Published on 29 Mar 2019

​Is cash really king?

My research argues and subsequently demonstrates that cash is not almighty and not always king such that cash may sometimes backfire (compared to less tangible money in the form of cards) and hinder financial welfare.

Disciplines as varied as psychology, economics, marketing, and finance aim to help people make better financial decisions. To this end, prior research on the psychological "pain of paying" proved useful for many consumers by showing that even when price tags are held constant, paying in cash is more painful than paying with less tangible forms like credit cards, which in turn helps consumers spend less. This has resulted in the now-popular "cash diet".

Diverging from prior work, my research argues and subsequently demonstrates that cash is not almighty and not always king such that cash may sometimes backfire (compared to less tangible money in the form of cards) and hinder financial welfare. In the three studies I conducted with my co-researcher considering tradeoffs between smaller-sooner and larger-later rewards, we found that paying people in cash fosters greater impatience making people more likely to forego lucrative financial rewards.

For instance, one of the studies demonstrated that whereas only 49 per cent of its survey participants compensated in cash decided to wait for a larger-later reward ($7 a week later compared to $5 immediately), 78 per cent of respondents compensated via card opted to wait for a larger-later reward. For perspective, delaying money-collection by one week in exchange of a $2 surplus (over a $5 principal) corresponds to an interest rate over 2,000 per cent per year.

Our explanation for this key finding is as follows. Letting go of money people can have now to reap financial rewards later (accrued interest) is more painful psychologically when the money to be given up is cash than when it is via card. In turn, this higher psychological pain causes increased impatience (that is, a preference for smaller-sooner rewards).

The studies also suggest that increasing concerns for safety, responsibility, and security may help protect against the negative effect of cash on impatience. In other words, when concerns for safety, responsibility, and security are up, people show similar patience, whether they get paid in cash or via their cards. We thus stress a personality trait with great potential to improve people's financial welfare.

Overall, while prior research shows that cash is consumers' friend in spending and shopping situations, we highlight that it paradoxically turns against consumers in saving/investment decisions by reducing their willingness to wait for later, more lucrative rewards. In this context, cash breeds impatience. Our research based on the "pain of parting from money" offers a logical way to explain not only why cash helps when spending, but also why cash may hurt investment and saving. This insight is novel in that it refines the wisdom widely derived from the "pain of paying" paradigm (that cash helps "save" money).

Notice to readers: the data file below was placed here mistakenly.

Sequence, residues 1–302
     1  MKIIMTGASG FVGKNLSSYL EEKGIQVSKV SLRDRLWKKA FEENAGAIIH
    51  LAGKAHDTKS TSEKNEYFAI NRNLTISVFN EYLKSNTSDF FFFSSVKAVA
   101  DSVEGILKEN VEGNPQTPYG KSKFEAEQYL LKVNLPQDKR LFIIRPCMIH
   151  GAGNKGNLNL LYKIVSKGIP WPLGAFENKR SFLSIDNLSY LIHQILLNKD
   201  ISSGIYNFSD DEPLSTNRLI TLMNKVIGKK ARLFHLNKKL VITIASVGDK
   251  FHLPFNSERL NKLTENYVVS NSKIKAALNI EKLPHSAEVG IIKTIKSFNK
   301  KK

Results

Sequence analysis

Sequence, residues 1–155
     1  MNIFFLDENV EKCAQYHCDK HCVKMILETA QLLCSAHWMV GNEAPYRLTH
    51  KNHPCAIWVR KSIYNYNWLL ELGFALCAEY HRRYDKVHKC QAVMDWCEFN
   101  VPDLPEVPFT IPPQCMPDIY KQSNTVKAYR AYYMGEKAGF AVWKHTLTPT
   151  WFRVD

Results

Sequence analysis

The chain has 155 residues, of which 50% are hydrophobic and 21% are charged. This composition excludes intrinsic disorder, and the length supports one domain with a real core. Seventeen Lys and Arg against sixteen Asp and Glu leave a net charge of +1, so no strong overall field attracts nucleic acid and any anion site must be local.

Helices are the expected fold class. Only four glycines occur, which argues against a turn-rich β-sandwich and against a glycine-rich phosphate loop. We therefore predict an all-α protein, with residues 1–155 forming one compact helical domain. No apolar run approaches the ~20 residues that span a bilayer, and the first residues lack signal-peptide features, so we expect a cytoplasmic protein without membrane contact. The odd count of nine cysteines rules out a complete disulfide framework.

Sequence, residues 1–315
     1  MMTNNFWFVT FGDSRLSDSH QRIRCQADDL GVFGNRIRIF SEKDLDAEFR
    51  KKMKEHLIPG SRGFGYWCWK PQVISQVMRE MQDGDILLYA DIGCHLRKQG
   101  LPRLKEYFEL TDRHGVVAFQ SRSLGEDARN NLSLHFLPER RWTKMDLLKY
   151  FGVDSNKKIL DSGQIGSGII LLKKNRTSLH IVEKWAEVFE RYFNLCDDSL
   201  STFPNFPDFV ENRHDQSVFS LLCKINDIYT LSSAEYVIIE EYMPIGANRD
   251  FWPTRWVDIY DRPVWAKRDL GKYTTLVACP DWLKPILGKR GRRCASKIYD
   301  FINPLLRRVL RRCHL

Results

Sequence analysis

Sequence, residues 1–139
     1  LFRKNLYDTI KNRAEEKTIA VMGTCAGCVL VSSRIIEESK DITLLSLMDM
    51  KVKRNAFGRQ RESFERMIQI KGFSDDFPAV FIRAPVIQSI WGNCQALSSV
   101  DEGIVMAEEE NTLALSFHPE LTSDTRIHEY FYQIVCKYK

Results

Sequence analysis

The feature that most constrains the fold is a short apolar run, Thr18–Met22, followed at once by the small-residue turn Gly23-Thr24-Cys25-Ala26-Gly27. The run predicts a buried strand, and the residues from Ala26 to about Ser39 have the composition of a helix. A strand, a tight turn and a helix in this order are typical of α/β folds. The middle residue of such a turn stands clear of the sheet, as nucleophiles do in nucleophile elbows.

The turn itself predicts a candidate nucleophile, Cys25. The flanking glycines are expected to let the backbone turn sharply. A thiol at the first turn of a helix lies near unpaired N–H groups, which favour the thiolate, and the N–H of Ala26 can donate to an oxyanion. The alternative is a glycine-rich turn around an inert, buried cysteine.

Why is this relevant? Despite the widespread use of cashless payment tools, the use of cash in daily life remains more common than one might think. Contributing to the practice is the very means by which people are paid. In the US, 10 to 20 per cent of workers (especially cooks, waiters, cleaners, sitters, tutors, maintenance/repair crews) collect part, if not all, of their wages in cash. In India, only 8 per cent of the population use accounts at financial institutions to receive wages. In Singapore, one third of work permit holders receive their salaries in cash, according to the Ministry of Manpower.


Globally, 1.8 billion workers (about 50 per cent of the labour force) are paid in cash, according to the OECD. Given the sheer magnitude of people navigating life and making financial decisions primarily (if not exclusively) in cash, our results suggest that much of the world's workers may be at a chronic disadvantage and vulnerable when it comes to personal saving and investment. The current findings thus bear importance for the unbanked and underbanked in both advanced economies like Singapore and much of the developing world.

The present findings are also potentially relevant in the context of undersaving. Lack of savings is a rampant issue with dramatic consequences. For illustration, 36 per cent of young Singaporeans have no savings at all (according to, a Singapore financial portal). While providing for retirement is a priority for 76 per cent of the young Singaporeans polled, only 49 per cent have a financial plan according to a study by DBS. Beyond young people, of the surveyed Singaporeans aged 55 and above, 27 per cent had not started saving for retirement according to Aviva's survey in 2015. And this problem is bound to increase in future years since greater life-expectancy will retard end of life in which healthcare needs and costs skyrocket. From societal and policy-making standpoints, then, understanding the factors that increase or decrease consumer saving such as the ones examined in my research is essential.

Last but not least, our findings offer potential insights for better financial planning and the psychology of payment, saving, and debt. These include: alerting people to the fact that operating on a cash basis may hinder saving tendencies; raising people's concerns for safety, responsibility, and security; reducing the pain of parting from money (for instance by giving financial incentives).

The writer is an assistant professor of marketing at Nanyang Business School, NTU Singapore. His research on the subject was done jointly with Rod Duclos of Western University. Their research is published in the Journal of Consumer Psychology at

Also published in The New Paper.

Similar coverage in Science Daily and Eureka Alert.